Saturday, November 12, 2011

Over-Wintering Chickens

Chickens need a little extra care to survive cold weather. Their coop needs to be waterproof but still provide some ventilation.  A heat lamp will help keep them warm, and can increase their egg production.  As always, they need good food and fresh water, and the water needs to be kept from freezing.

We have a small chicken coop, about 4 feet by 4 feet by 4 feet tall. There’s a hole in the floor just big enough for a chicken to access the ramp that leads down into the enclosed area under the coop and the attached chicken run.  There is a wire covered vent near the roof on the side opposite the hole in the floor.  During the night, the hole is covered with a heavy piece of wood to keep out predators and also to help the hens stay warm.  Pine shavings cover the floor and line the nest (the plastic basket to the left of the door).

During the colder months, we add a little warmth to the hen house with two heat lamps placed inside the coop just below the roof. These are plugged into an inexpensive thermostat that plugs into the heavy duty power cord carrying electricity from the house. When the temperature drops to 38 F, the lamps come on. When the temperature reaches 50 F, the lamps shut off.

This heat also keeps their water from freezing.  They always have access to the coop, so we never have to move their water outside.  Another way to handle keeping the water from freezing is to use a heated base. This is a good option for larger flocks with outside water during the winter.

In addition to keeping the chickens comfortable, we have found that egg production increases when we’re using the heat lamps. This is partly because when chickens don’t have to use up so much energy to keep warm, they have more energy available for egg production. The other reason the lamps increase egg production is that chickens lay eggs according to how much light they get. Without supplemental light, their egg production slows or stops during the fall and winter and resumes as the days get longer. The added light they receive from the heat lamps has the same effect as having longer days.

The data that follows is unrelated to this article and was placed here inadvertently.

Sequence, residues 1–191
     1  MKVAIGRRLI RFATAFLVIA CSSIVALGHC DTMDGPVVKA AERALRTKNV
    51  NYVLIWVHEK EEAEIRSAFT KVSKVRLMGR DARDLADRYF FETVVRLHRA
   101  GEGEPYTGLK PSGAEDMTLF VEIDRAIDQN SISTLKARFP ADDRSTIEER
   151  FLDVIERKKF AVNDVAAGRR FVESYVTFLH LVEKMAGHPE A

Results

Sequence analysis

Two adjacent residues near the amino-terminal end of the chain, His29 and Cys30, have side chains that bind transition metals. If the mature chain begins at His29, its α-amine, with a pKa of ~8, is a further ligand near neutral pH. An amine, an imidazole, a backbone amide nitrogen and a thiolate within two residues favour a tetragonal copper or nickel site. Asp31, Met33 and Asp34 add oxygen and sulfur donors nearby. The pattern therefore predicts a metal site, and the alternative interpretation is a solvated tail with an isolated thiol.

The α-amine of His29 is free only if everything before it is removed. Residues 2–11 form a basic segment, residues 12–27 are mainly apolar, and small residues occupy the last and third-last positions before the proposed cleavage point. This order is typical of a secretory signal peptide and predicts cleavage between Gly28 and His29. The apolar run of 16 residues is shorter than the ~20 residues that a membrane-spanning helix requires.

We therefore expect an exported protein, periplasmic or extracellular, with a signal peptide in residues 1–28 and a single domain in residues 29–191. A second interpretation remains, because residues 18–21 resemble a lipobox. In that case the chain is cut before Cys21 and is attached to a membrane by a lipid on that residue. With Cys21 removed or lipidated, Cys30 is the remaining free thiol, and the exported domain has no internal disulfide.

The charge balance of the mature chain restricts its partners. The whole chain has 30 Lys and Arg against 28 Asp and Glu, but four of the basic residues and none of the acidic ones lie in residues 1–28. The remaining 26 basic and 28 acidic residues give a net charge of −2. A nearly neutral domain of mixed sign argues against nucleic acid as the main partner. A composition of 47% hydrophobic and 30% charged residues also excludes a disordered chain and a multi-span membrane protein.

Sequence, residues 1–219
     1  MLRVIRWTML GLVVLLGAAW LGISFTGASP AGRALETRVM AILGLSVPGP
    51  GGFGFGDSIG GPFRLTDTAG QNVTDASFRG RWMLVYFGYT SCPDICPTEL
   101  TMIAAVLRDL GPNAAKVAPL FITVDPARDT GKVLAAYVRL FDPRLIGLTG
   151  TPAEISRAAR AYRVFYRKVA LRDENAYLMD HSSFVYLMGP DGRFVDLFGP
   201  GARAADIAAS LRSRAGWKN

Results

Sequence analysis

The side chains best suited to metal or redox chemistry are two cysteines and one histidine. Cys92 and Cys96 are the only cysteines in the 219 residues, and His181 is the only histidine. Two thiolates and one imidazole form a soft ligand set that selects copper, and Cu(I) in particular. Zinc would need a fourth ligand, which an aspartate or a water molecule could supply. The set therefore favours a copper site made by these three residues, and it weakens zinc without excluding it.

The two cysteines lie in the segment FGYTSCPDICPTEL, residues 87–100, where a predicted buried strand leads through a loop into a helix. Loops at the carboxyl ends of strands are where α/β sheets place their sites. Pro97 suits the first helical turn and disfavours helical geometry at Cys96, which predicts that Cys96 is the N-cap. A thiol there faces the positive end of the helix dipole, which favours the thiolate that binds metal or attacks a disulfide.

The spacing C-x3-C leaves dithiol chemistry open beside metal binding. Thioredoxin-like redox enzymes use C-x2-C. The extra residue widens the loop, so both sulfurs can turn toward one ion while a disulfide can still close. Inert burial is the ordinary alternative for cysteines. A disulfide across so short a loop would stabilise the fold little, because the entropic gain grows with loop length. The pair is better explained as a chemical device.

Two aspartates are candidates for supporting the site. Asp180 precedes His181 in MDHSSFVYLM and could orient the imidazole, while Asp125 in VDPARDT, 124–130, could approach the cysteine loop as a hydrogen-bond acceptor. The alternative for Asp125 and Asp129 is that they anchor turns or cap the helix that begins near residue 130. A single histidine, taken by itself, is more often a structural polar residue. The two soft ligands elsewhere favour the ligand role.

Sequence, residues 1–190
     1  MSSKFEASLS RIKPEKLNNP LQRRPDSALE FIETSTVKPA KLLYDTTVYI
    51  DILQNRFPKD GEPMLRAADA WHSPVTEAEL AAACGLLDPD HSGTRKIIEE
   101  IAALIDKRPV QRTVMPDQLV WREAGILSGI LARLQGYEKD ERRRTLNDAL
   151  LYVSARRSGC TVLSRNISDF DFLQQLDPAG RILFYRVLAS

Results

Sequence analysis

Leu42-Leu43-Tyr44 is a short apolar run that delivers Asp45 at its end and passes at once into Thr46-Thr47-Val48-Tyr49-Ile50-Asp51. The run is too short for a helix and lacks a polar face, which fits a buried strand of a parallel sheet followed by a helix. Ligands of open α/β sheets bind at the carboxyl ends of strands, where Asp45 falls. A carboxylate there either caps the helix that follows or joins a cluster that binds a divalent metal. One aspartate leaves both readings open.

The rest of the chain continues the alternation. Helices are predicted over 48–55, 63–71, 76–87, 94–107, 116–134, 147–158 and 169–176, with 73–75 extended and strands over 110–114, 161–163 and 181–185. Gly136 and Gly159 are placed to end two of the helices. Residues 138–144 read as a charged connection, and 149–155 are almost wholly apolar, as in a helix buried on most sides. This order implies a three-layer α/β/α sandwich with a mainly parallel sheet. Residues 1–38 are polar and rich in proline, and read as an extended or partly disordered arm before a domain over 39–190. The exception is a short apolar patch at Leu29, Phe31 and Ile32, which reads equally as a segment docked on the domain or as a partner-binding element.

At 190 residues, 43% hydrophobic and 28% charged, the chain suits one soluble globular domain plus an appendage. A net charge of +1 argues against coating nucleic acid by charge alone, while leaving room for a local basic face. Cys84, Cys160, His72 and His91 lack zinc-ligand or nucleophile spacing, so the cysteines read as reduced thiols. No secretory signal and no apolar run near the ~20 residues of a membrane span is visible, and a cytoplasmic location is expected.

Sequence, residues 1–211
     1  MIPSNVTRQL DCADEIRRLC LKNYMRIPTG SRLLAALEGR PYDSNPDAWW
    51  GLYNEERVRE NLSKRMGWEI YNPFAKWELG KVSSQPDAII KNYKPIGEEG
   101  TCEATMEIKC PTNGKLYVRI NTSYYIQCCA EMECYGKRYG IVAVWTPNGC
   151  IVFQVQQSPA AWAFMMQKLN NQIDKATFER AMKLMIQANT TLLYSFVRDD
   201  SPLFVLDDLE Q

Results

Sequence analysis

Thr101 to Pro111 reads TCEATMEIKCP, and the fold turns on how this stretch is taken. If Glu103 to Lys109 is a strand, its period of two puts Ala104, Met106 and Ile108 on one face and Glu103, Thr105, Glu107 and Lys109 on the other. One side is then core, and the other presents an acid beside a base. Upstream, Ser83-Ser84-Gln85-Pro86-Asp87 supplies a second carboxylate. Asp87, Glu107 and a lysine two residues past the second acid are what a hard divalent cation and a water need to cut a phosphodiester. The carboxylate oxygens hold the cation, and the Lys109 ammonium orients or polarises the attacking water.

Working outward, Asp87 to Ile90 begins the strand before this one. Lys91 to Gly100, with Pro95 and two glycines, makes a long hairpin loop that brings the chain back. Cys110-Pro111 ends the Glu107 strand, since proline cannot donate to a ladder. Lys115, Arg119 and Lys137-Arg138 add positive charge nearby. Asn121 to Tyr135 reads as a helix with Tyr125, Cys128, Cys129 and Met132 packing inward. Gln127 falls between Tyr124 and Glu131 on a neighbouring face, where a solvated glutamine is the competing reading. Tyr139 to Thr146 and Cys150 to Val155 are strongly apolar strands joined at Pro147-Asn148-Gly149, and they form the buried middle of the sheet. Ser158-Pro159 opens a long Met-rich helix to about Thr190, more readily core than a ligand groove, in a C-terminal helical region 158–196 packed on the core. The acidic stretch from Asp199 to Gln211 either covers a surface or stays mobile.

Also, we give our chickens some cracked corn when it's especially cold. This is in addition to the chicken feed that they always have access to. The cracked corn helps them produce a little extra body heat to keep them warm.

This is our third flock of chickens and our third coop. It’s a small, simple set-up that’s easy to manage in our average sized backyard. With just a little extra attention, our hens over-winter nicely and provide us with a nearly year-round egg supply.

We've kept backyard chickens for several years and find them to be less trouble (and certainly quieter) than any dogs we've had.  Even with a bit of extra time and effort to keep them well during the winter, we enjoy having these funny birds and appreciate having fresh homegrown eggs.


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  1. You've got chickens??! Well aren't you a Valley girl turned farmer lady!

  2. I've definitely come a long way from my Valley girl roots!

  3. Thanks for that tip about giving the chickens some cracked corn for warmth. Our chicken barn doesn't have electricity, so aside from the emergency propane heater we used last winter on the really cold nights, I try a lot of natural ways to help those chickies stay warm.